The Hustle is Real

Google the term “millennial” and you’ll be greeted with a barrage of conflicting articles. While some writers bitch about millennials being entitled and lazy, others laud them as being superior workers with the capabilities to save the world.

The contradictions surrounding folks between the ages of 18 and 34 almost broke the internet last week, thanks to a scathing open letter first posted on Medium. Talia Jane basically whined about her low paying, entry level job at Yelp, claiming she earned $8 an hour after taxes as a customer service rep.

She went on to explain her dream of designing memes and how she had to work an entire year in one department (THE NERVE!) before being transferred to another. After the company read her public outcry about living off a bag of rice for weeks on end, they promptly fired her.

As a response to Talia’s bitchfest, freelance writer Stefanie Williams wrote her own open letter, detailing her journey from lowly barmaid to UTA-repped writer. Summed up, the letter basically slammed Talia’s non-existent work ethic and gave Stefanie a soapbox-esque moment, hailing the fact that she put in the time and effort to get to where she is today.

As a millennial who has been working for the last 15 years, both of these young women annoy the living shit out of me and show the duality that often plagues people of my generation. On the one hand, you have the coddled little girl who thinks she’ll be spoon fed a rad job in marketing without putting in the proper amount of grunt work. On the opposing side, you have a woman-girl who is likening her climb up the career ladder as an “I walked uphill both ways in a snow storm” story.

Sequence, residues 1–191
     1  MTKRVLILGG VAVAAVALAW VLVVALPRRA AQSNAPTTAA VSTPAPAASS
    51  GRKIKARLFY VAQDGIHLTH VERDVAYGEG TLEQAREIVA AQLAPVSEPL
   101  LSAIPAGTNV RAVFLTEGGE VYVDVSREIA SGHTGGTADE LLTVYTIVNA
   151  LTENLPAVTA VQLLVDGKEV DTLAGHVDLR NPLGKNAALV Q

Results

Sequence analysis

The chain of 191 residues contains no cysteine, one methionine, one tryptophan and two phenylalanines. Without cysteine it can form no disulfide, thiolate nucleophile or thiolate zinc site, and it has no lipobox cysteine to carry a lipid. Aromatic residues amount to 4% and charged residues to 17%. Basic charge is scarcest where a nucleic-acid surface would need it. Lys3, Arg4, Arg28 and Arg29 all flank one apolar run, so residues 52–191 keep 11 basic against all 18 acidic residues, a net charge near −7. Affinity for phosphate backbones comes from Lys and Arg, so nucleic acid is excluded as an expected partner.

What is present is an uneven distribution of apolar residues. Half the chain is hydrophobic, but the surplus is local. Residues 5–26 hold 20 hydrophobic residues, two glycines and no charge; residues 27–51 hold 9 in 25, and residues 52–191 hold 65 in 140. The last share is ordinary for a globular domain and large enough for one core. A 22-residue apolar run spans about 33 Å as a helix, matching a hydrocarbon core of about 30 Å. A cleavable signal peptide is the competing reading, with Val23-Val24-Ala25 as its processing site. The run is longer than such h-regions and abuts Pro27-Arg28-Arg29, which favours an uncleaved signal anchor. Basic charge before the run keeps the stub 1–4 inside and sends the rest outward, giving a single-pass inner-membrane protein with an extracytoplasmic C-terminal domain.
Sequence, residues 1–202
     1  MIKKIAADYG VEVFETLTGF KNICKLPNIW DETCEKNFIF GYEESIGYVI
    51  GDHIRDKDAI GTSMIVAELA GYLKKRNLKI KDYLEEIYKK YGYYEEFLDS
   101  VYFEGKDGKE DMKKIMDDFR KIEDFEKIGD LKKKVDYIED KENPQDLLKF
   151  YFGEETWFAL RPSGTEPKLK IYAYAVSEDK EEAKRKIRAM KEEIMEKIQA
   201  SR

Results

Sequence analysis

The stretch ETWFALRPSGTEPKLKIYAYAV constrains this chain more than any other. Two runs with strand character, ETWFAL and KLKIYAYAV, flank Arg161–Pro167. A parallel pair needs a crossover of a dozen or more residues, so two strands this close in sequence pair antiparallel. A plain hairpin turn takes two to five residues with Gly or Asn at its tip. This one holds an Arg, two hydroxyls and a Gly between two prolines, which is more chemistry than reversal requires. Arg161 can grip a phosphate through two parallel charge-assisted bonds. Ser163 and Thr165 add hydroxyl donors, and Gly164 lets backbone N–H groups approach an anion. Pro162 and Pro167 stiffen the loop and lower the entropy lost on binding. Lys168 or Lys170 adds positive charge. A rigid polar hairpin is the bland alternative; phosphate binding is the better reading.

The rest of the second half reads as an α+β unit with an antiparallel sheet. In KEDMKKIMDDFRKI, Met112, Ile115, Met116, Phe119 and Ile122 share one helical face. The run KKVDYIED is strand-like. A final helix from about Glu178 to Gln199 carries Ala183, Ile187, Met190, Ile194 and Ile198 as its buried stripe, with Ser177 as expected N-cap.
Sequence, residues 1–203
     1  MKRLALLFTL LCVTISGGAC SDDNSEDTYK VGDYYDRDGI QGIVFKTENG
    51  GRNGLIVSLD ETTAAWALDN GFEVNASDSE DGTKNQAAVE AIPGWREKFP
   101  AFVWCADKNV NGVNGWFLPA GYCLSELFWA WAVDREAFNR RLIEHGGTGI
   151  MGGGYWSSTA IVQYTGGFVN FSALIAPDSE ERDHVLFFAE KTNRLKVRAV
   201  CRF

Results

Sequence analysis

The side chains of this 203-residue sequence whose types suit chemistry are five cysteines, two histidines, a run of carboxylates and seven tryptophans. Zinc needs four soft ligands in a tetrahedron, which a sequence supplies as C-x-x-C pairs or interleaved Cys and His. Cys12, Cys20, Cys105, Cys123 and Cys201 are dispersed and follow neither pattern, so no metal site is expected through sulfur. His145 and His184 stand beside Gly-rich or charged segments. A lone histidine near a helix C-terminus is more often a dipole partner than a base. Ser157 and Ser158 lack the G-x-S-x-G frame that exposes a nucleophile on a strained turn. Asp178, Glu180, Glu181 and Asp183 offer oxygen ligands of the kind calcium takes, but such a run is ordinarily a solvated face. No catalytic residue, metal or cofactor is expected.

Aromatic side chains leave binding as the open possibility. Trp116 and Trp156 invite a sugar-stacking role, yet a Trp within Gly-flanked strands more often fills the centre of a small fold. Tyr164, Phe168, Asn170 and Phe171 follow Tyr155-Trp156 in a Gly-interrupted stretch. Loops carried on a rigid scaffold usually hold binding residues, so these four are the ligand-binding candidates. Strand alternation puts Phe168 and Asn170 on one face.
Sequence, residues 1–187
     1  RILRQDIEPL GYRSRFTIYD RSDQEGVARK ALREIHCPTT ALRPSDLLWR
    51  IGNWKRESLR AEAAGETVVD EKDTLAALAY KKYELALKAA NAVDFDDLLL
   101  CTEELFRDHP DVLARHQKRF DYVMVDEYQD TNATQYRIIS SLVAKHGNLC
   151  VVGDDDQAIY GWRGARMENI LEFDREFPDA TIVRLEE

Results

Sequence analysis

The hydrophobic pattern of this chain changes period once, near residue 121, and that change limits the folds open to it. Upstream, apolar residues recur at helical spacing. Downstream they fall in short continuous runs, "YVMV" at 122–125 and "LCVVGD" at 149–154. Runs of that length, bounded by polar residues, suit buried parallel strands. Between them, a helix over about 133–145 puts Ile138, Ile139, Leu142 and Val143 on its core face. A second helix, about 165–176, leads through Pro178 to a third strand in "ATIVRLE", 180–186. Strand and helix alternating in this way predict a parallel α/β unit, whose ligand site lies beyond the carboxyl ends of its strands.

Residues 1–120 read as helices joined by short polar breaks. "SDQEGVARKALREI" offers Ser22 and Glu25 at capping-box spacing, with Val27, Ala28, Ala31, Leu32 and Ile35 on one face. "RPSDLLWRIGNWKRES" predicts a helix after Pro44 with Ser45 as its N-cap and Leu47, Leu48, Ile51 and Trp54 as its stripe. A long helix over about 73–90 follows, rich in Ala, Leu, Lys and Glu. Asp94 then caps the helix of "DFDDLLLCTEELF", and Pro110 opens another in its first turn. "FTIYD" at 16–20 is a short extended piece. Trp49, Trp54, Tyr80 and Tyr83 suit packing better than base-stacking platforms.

Work is fucking work. It’s not supposed to be fun. Fulfilling, yes, but fun, not so much. Especially during the first couple of years after college when you’re trying to find your footing.

Yah, I worked as a bartender my first few years out of college. I also worked as a dog walker at the ripe old age of 32. You shouldn’t get a “Most Shameful Job in the World” award, no matter what your profession is. Who the fuck cares that you worked as a hostess? Why are you still whining about how tough that time was for you?

In this case, in my humble opinion, both pieces represent the negative attributes of millennials. Despite Stefanie’s letter condemning Talia’s work ethic, her piece is still a “look at me, look at me” cry out for attention.

It should be an innate response to want to work hard for what you want. Hard work was a daily part of life for the poor souls living in the American Dustbowl during the 1920’s. It was a requirement for primitive men who needed to provide food and shelter to his clan.

My generation thinks of hard work as yet another reason as to why they’re special. Don’t believe me? Look up the term “adulting,” a buzzword millennials use when they’ve managed to pay a bill or take the cat to the vet.

In a time when it’s so, so SO easy to make money from the comfort of your bedroom in a t-shirt (I did it for years), hard work is becoming an elusive term. Laying a railroad is hard work. Hunting whales is hard work. Sitting in a plush office making useless memes about hamburgers isn’t hard work. Yes, being on your feet for 9+ hours as a bartender or hostess is exhausting (I did them both), but it doesn’t make you special. It makes you have a paycheck.

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